Aquatic snails are often regarded as pests and many hobbyists go to significant lengths to prevent so called, ‘pest’ snails entering their aquarium. However, this reputation is misplaced, as most aquatic snails do no harm to the aquarium or the inhabitants. On the contrary, aquatic snails aid in the removal of algae and are a natural part of aquatic ecosystems.
There are several types of aquatic snail that are commonly found in aquariums, these include; rams-horn snails, tadpole snails and trumpet snails. Ramshorn snails (Planorbis spp.) have flat, spiral shells and most are less than a half a centimetre across. Tadpole snails or pond snails (Physa and Physella spp.) have bulbous, translucent-brown shells up to a centimetre long. Trumpet snails or Malayan live bearing snails (Melanoides tuberculata) have conical shells up to a 2.5cm long.
The Good, The Bad and The Ugly
Aquatic snails have positive as well as negative qualities. Malaysian Trumpet Snails do an excellent job of keeping the sediment clean, consuming organic material and preventing excessive anaerobic decay. These snails are often introduced to ‘dirted tanks’ for this reason. Their burrowing activities aerate the soil and prevent toxic compounds, such as hydrogen sulphide from forming. Ramshorn snails are proficient algae eaters and are able to consume algae growing on plant leaves more thoroughly and delicately than algae-eating fish.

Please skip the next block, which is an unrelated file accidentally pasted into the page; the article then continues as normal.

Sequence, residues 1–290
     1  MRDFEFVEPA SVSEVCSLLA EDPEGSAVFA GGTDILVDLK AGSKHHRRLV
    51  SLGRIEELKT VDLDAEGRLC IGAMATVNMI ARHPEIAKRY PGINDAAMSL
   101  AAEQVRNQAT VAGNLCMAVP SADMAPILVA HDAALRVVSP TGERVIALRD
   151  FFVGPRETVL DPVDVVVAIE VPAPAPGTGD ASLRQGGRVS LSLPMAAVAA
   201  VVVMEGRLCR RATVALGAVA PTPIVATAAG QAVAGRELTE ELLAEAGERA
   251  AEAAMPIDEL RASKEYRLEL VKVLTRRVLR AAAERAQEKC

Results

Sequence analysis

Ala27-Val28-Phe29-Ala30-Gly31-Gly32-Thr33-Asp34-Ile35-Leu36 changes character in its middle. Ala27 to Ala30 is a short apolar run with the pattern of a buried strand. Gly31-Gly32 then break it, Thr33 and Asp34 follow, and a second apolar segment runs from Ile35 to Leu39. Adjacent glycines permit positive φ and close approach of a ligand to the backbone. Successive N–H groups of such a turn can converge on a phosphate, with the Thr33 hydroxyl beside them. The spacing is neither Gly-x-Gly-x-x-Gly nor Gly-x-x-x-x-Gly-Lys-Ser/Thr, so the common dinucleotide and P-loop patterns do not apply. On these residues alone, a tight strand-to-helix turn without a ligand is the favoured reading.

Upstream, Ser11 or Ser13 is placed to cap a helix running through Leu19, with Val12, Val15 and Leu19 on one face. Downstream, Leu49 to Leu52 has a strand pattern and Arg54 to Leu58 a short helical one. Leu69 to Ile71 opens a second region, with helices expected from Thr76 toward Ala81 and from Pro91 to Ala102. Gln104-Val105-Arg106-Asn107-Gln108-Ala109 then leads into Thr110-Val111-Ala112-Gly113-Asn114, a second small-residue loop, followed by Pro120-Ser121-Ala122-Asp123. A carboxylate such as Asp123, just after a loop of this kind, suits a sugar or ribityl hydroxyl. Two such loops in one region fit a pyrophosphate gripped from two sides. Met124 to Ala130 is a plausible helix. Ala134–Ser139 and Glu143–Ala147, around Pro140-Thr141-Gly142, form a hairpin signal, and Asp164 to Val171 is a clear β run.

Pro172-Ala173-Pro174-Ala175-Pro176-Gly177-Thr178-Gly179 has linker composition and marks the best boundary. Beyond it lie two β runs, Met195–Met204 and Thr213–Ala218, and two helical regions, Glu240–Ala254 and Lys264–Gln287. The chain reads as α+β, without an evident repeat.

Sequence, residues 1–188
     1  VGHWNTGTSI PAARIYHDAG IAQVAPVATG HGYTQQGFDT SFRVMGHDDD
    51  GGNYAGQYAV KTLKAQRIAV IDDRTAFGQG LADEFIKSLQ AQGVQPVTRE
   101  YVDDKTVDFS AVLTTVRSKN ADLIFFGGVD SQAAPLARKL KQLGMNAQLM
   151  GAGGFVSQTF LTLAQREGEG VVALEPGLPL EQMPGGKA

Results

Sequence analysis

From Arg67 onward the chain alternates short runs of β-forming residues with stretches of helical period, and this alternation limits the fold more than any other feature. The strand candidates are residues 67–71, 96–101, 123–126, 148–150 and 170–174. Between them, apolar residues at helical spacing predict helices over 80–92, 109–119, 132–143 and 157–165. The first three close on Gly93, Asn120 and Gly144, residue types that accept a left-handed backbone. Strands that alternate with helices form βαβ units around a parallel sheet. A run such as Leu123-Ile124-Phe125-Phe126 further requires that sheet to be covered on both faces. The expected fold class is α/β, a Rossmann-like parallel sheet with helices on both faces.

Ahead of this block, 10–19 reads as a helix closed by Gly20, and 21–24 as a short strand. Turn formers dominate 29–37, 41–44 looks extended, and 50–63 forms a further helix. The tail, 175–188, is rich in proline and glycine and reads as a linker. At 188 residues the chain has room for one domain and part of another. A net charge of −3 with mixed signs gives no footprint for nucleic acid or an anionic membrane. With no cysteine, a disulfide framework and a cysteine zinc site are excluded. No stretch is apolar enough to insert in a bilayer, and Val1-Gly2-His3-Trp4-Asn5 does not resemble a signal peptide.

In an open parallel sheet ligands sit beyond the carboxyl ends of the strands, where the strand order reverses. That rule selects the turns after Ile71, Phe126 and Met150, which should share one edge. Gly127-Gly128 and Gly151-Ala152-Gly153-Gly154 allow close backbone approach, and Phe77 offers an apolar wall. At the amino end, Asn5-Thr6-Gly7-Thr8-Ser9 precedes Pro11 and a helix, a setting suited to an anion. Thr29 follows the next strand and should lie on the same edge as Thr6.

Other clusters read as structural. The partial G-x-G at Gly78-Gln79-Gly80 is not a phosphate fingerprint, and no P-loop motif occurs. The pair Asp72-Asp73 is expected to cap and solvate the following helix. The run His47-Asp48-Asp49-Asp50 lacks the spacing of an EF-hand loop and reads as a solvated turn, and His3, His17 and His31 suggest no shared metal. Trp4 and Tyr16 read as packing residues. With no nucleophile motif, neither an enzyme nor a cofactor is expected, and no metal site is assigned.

Aquatic snails are a good indicator of the health of an aquarium. Their populations will go up or down depending on how much they have to eat. A high density of snails indicates that you may be overfeeding the fish. Most snails eat fish faeces, uneaten fish food, algae and decaying plant material. Aquariums which contain high levels of these elements will likely display other signs of an unhealthy system, including; overstocking, overfeeding, under-filtering, insufficient water changes, minimal aquarium cleaning, and poor plant growth. Therefore, large snail populations are a symptom of underlying problems rather than a problem themselves.
Aquatic snails can also be indicators of sudden changes in water chemistry or quality. Turret snails in particular will leave the substrate if they feel stressed and move to the top of the aquarium where the water is most richly oxygenated. If hundreds of turret snails suddenly appear at the waterline, it’s a very good sign there’s a serious problem with the aquarium.
On the other hand, excessive numbers of aquatic snails are unsightly and add appreciably to the stocking level of the aquarium. Should the aquatic snails die all at once, the subsequent processes of decay will add ammonia to the aquarium water. However, this is seldom a problem.
There is no need to be concerned about the presence of snails in your aquarium. Getting rid of snails requires more effort than it is worth. It would be more sensible to address the underlying problem in your aquarium. If the snail population is low then there is no need to worry, however, if there are hundreds of snails in your aquarium then there is an underlying issue, such as overfeeding and minimal maintenance. Address those issues and you solve your snail problem.